|MadSci Network: Chemistry|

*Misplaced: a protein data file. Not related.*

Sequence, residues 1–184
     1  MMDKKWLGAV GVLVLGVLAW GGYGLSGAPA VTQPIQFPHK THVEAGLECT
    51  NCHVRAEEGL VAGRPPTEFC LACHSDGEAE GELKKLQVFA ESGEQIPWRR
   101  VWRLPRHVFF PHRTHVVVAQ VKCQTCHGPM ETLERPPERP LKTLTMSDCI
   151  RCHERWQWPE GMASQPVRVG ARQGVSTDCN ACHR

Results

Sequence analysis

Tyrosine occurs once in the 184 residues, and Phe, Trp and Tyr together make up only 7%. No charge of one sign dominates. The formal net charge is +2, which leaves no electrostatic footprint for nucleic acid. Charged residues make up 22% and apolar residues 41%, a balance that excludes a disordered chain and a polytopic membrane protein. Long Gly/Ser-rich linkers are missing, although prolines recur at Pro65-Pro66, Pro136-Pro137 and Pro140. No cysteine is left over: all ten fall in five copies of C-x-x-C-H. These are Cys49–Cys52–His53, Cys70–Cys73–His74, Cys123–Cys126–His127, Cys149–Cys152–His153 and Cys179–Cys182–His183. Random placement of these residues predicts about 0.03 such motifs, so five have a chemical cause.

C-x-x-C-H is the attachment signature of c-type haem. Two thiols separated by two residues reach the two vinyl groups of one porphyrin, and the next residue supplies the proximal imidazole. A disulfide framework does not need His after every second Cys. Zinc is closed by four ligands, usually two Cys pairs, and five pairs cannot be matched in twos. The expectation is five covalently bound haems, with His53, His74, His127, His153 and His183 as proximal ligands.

Hello Robert, The first two compounds you mention have the general structure: R | + _ [ R-N-R ] X | R Compounds of this general structure (like tetrabutyl ammonium halides) are used in organic chemistry as organic soluble halide sources or as phase transfer catalysts for biphasic reactions where one reactant is in the aqueous phase and another is in the organic phase. I suspect the particular compounds you cite are optimized for attacking a microbe's cell membrane which can be viewed as a very thin biphasic system, hence their disinfectant properties. Bleach (also a pretty good disinfectant) is a strong oxidizer that can attack alcohols, amines, multiple bonds, as well as sulfides, phosphines, some metals, and many other electron rich species. However, it does not oxidize chloride ion and tetraalkylammonium species are fairly inert to oxidation as well. Bleach can also initiate radical processes. In a system like what you are talking about it would be impossible to predict the chemical outcome of such a process because most of the C-H bonds in each molecule would be roughly equally susceptible to attack and the radical intermediate formed could decompose by a number of possible pathways. If such a radical process occured it would likely lead to uncharacterizable mixtures and/or polymers. And, as temperature was increased any such process would be accelerated. Finally, a third process must be considered. Bleach is formed by the reaction of sodium hydroxide with chlorine gas. This is a reversible reaction but under basic or neutral conditions the equilibrium lies toward NaOCl. However, under acidic conditions the equilibrium shifts back toward the chlorine gas/NaOH direction releasing deadly chlorine gas from the reaction. 2NaOH + Cl-Cl <===> NaCl + HOCl + H2O Based on this equilibrium it can be predicted that increasing the chloride ion concentration would drive the reaction toward chlorine gas as well. Furthermore, at elevated temperature the chlorine gas would have less solubility in the water and would have greater tendency to leave solution which would also drive the equilibrium toward chlorine gas. I think this is the most likely outcome of the reaction you propose in your question. Please be advised that chlorine gas is noxious and deadly!! Also, it is not a good idea to mix any household cleaners, particularly ones containing bleach. I hope this information was helpful. Thanks for the question.
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